This weekend, the first case of Ebola was confirmed in Senegal, the fifth African nation to report a case in this latest and largest horrific outbreak. He is a Guinean man who’s been placed under observation. When a country knows exactly who the index case is for this disease, and are able to track the spread of the outbreak from the start, that once gave me hope that the spread of the disease could be contained. Now, I have my doubts.
I’ve been holding my breath ever since a naturalized American from Minnesota, whose roots were Liberian, landed in Lagos on July 21. Reports indicate he was symptomatic on the plane and its not clear how or why he was cleared to board the flight in Monrovia. He died 4 days later. At least 4 health care workers who came into contact with him have subsequently died, as well as a driver who took him from the hospital to a nearby medical center – which has now since closed.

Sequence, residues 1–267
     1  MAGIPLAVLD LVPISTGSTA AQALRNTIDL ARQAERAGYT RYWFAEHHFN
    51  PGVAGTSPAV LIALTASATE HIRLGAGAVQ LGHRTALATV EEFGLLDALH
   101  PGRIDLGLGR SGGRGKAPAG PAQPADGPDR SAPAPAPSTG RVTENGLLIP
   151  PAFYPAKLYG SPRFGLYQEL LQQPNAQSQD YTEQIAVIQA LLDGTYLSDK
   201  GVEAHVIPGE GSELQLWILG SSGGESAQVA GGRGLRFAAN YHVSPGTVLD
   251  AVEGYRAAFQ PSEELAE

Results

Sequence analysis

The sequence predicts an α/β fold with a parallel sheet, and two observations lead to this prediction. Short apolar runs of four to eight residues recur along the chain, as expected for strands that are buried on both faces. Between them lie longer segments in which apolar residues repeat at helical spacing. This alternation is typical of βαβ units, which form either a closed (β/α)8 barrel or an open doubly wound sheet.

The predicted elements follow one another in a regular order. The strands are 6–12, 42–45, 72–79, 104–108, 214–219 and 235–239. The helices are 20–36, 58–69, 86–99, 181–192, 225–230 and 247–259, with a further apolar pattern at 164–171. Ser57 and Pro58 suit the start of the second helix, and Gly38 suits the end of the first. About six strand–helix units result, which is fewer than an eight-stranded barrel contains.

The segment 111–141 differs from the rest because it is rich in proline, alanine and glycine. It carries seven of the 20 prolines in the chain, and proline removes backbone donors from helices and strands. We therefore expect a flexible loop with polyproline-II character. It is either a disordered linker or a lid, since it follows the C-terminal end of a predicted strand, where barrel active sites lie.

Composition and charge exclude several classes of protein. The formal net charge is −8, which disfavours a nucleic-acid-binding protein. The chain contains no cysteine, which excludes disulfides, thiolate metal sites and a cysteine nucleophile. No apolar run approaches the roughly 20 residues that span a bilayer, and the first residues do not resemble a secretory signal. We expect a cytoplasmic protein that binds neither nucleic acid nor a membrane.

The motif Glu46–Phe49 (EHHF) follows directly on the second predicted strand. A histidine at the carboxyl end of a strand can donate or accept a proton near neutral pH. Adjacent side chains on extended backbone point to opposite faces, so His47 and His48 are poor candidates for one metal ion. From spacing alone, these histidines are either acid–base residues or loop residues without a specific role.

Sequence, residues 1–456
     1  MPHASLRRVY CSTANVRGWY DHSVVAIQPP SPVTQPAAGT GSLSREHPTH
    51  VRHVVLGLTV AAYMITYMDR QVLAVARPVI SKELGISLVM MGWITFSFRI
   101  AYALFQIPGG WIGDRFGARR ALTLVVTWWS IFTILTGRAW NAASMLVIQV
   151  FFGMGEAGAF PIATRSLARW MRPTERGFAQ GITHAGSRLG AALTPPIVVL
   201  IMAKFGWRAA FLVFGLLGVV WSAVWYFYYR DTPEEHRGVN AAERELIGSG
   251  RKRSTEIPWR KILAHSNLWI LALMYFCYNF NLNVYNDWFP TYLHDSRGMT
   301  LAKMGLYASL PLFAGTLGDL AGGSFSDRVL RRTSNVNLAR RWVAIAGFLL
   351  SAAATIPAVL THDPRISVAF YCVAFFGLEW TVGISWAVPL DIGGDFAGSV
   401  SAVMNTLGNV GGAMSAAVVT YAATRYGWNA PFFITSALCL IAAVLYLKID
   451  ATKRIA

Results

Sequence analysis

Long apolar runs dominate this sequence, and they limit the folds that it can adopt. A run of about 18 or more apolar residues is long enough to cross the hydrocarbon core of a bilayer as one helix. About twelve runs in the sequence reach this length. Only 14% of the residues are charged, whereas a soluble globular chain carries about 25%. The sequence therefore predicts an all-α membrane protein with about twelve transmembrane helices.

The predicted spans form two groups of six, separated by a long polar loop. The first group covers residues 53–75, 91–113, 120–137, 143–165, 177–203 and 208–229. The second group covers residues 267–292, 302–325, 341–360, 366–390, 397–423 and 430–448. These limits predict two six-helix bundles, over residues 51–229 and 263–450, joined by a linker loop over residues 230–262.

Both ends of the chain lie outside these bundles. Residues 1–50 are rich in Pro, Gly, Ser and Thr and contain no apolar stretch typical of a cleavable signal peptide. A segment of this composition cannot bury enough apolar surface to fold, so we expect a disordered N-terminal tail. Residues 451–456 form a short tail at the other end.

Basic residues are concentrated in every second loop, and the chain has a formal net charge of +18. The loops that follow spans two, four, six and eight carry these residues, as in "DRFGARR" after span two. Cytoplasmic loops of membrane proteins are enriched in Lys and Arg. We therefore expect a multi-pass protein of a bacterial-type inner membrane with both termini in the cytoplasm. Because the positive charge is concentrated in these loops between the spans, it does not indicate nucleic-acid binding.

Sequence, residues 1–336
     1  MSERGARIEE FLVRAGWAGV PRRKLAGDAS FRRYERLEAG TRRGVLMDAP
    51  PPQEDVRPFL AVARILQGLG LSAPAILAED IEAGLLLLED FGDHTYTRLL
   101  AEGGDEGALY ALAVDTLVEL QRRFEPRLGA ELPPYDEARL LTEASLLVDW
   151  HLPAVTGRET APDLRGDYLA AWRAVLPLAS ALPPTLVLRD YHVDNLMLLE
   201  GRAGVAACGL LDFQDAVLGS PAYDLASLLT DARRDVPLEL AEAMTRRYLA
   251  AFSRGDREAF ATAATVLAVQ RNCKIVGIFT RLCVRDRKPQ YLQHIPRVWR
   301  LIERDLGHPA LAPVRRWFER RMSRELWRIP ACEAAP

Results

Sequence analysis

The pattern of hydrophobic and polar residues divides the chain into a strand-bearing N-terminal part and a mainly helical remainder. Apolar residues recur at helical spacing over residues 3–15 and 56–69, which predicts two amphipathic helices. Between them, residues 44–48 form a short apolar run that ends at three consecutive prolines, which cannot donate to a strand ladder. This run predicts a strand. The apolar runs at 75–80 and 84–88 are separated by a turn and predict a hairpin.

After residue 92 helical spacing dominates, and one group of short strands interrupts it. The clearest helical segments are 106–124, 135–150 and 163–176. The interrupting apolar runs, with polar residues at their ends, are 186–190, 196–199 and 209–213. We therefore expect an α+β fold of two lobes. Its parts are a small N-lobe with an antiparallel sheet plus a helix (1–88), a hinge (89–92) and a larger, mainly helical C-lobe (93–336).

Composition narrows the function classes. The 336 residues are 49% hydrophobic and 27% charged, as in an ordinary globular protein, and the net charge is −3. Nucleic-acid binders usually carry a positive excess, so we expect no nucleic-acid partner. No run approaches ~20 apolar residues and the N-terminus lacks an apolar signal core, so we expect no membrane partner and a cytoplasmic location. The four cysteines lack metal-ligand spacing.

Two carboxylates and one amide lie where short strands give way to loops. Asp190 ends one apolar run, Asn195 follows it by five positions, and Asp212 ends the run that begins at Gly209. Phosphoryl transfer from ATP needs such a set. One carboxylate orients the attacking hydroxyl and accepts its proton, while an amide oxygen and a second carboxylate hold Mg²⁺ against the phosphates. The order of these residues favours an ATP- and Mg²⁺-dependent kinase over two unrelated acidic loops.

Few updates are emerging from Nigeria so its hard to tell if no news is in fact good news, or if the government is trying to keep anxiety in check, or both. To contain the spread of Ebola in Nigeria, the government has postponed the start of the school year until October 13, presumably to curb cross-country travel until them. This seems a bit reactionary, unless contact tracing occurring from the initial case has broken down. Recent reports suggest that it may have. The latest I read on line about the Nigeria situation concerned the death of a doctor in the southern city of Port Harcourt, who treated one of the original Liberian man’s contacts. The contact is reportedly doing OK, but the doctor who treated him has succumbed to the disease: http://www.bbc.com/news/world-africa-28966258 .
This is troubling, to hear of Ebola spreading to another urban center in a completely different geographic region of the country – and that it has taken the life of yet another health care worker, a group that has been particularly hard hit.
We’ve not seen anything quite like this before. On the world’s poorest continent, in countries that are recovering from war (like Liberia and Sierra Leone), and others (like Nigeria) that are trying not to teeter towards war, and in nations that already have such fragile health systems, this epidemic of an infectious disease emerging where its never been seen before, will stretch Africa’s leadership to the extreme.
Lord, have mercy.